Calling the Outs and Ins
The boundary judge sits on a corner of the aerobatic box and uses a metal sighting device to determine if the pilot flies outside the boundary line. It sounds simple and in some ways is, but it also requires a dedicated observer who can read Aresti and can use a handheld radio to communicate with the Chief Judges’ table.
Although this position can seem less than fun as you may be stuck out in the boonies away from everyone else for a couple of hours, it is a very important part of the contest. The boundaries really set apart those pilots who practice and work hard to keep their flight in the box and not incur boundary penalties. Correct boundary calls often make the difference between first and second place.
Boundary judges have to be able to use the sighting device, read Aresti, and manage radio communications solo. It becomes more interesting when the pilots deviate from the sequence card, and it will be up to the boundary judge to make sense of what is going on and know what to call to the Chief Judge and when. Even though some people may be thrown to the boundary to be a judge without experience, it is not actually a beginner’s location.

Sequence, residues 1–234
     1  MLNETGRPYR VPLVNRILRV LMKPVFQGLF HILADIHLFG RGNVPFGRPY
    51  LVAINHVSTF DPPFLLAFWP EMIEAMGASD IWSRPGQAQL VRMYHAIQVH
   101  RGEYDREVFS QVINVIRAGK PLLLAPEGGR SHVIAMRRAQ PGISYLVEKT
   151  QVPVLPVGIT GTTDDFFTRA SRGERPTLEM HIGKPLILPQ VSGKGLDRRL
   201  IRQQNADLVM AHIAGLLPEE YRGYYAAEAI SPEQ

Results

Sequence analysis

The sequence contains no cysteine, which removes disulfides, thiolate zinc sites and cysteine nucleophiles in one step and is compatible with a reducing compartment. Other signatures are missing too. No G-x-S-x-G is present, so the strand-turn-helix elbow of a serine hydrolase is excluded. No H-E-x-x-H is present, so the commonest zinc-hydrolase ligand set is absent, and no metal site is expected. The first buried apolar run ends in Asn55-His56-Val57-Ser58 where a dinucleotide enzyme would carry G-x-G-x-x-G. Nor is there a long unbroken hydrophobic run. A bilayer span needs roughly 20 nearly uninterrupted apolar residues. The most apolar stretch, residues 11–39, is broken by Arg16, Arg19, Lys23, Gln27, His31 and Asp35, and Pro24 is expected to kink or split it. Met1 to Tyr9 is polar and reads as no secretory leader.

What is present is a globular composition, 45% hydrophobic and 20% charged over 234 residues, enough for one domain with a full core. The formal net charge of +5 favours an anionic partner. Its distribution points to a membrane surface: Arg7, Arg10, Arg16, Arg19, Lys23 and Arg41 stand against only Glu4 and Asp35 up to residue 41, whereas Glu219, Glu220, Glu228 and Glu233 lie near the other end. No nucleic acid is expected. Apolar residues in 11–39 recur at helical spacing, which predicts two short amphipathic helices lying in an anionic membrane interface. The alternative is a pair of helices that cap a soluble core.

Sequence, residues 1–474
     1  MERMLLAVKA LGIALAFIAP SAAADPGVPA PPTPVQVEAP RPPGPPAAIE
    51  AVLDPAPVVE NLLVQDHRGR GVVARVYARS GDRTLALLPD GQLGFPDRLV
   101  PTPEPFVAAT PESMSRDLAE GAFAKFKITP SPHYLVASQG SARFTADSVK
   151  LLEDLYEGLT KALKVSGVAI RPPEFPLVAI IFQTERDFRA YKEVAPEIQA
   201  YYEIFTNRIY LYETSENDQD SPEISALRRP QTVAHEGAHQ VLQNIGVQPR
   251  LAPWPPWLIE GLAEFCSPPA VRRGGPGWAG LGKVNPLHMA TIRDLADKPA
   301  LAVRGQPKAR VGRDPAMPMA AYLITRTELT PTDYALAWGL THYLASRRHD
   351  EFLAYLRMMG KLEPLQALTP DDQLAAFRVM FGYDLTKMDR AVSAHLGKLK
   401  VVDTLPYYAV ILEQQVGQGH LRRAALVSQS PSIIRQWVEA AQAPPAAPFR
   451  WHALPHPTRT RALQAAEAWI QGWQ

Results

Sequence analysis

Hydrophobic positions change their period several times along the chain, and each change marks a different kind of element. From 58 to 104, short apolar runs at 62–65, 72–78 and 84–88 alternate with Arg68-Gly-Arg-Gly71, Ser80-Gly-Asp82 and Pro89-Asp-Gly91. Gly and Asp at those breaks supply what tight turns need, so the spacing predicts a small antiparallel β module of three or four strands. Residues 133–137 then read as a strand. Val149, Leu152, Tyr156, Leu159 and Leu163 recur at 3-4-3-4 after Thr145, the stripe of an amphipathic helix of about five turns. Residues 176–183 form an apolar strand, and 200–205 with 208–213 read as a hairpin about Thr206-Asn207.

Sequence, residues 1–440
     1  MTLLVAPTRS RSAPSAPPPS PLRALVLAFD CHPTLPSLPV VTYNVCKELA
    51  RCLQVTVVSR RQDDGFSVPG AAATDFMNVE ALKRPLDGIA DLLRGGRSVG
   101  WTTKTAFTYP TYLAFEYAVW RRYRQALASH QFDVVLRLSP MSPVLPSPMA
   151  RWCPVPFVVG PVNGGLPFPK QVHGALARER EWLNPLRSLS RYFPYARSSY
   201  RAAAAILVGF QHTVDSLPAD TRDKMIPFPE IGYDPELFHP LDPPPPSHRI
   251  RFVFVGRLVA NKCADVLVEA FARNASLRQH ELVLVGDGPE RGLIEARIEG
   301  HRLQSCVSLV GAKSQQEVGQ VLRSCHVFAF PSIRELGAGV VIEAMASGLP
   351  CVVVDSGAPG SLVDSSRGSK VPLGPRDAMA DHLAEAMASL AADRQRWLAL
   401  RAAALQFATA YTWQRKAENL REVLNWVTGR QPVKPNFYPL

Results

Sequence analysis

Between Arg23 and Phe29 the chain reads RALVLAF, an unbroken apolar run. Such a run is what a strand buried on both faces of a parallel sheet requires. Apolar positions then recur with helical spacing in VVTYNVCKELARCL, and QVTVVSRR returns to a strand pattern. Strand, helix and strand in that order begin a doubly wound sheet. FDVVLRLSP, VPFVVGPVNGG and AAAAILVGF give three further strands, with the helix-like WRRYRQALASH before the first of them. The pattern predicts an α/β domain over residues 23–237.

Learn more about the specifics of Chapter 26’s sighting devices and some tips to set them up (which will usually already be done for you) in this video by Stephen De La Cruz.
How to Do the Job
During a specific contest flight, if you see the plane nearing the boundary, position yourself so when you look at the two edges of the sighting device the edges align. Watch for the aircraft to cross the edge of the device in its entirety. For example, if part of the wing or maybe the landing gear is still behind the sighting device edge, the plane is still IN the box. The entire plane must be visible beyond the lined-up edges of the device to be considered OUT. If this happens, you call the pilot out on the boundary direction, i.e. north, east, south or west, which will be called in as “out, south” over the radio. You will be responsible for two of these box directions. When the plane crosses back in, radio “in, south”. You will record the figures flown out on your boundary judge worksheet. At the end of the flight, you call in all the figures you marked out to verify them with the Chief Judges table.
The other important part of this job it to watch for other aircraft which don’t realize there is a contest taking place. If you see a non-contest plane approaching the box, call the Chief Judge immediately and describe where the aircraft is. If it is intruding on the box, the competitor will be asked to stop their sequence for safety.
by Stephen De La Cruz, IAC #433275, & Susan Bell, IAC #438132